Tuesday, January 17, 2012

Health Care and Common Colds

This time of year, many people are afflicted with sore throats, runny noses and sniffles, and other symptoms that physicians refer to as the common cold. When you get one of these, you feel pretty awful for a few days. But life does go on. Dealing with the inconvenience of this malady is what everyone has done no matter whether you are male or female, adult or child, or wherever you live. Colds are common, and they are a nuisance. However, in most cases, they are not fatal. It is possible that with neglect, they could develop into something worse. But, for the most part, colds are limited in scope as to how they affect your health care.

According to the Health section in the NY Times, It is called the “common cold” for good reason. There are over one billion colds in the United States each year. You and your children will probably have more colds than any other type of illness. Colds are the most common reason that children miss school and parents miss work. Parents often get colds from their children. Children typically get up to eight colds every year. They usually get them from other children. A cold can spread quickly through schools or daycares. Colds can occur at any time of the year, but they are most common in the winter or rainy seasons. A cold virus spreads through tiny, air droplets that are released when the sick person sneezes, coughs, or blows their nose. People are most contagious for the first 2 or 3 days, but not usually after the first week of the cold. You can catch a cold if:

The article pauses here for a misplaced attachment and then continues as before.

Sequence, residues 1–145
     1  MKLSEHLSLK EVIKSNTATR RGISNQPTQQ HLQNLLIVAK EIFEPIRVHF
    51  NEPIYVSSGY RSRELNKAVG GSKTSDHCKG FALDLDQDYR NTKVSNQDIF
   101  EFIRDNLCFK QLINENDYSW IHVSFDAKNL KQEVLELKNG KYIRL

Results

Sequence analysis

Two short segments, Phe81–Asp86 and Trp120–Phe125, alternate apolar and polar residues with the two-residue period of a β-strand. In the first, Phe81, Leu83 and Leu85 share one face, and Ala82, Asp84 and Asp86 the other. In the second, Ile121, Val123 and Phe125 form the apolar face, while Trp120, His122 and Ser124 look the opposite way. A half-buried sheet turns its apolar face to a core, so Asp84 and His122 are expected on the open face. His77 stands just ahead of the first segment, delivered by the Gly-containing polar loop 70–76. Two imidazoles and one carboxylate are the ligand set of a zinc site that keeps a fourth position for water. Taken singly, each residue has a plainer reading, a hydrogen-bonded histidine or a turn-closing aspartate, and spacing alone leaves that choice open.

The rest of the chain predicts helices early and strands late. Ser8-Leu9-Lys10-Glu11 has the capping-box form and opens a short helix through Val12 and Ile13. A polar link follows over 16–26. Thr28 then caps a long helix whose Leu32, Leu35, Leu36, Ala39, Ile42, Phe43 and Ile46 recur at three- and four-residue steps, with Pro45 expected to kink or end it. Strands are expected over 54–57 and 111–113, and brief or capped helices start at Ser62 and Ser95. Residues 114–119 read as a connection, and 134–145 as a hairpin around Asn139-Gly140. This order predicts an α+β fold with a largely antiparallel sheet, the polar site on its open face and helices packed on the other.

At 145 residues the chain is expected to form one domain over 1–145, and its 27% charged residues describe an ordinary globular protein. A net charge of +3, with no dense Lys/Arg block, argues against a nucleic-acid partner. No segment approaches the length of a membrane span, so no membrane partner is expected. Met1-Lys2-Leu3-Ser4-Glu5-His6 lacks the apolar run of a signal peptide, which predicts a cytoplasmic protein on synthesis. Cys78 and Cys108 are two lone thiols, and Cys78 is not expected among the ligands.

--A person with a cold sneezes, coughs, or blows their nose near you
--You touch your nose, eyes, or mouth after you have touched something contamined by the virus, such as a toy or doorknob.

According to the National Institutes for Health (NIH), Cold symptoms usually occur within 2 or 3 days after you came in contact with the virus, although it could take up to a week. Symptoms mostly affect the nose. The most common cold symptoms are:

•Nasal congestion
•Runny nose
•Scratchy throat
•Sneezing

Adults and older children with colds generally have a low fever or no fever. Young children often run a fever around 100-102°F. Depending on which virus caused your cold, you may also have:

•Cough
•Decreased appetite
•Headache
•Muscle aches
•Postnasal drip
•Sore throat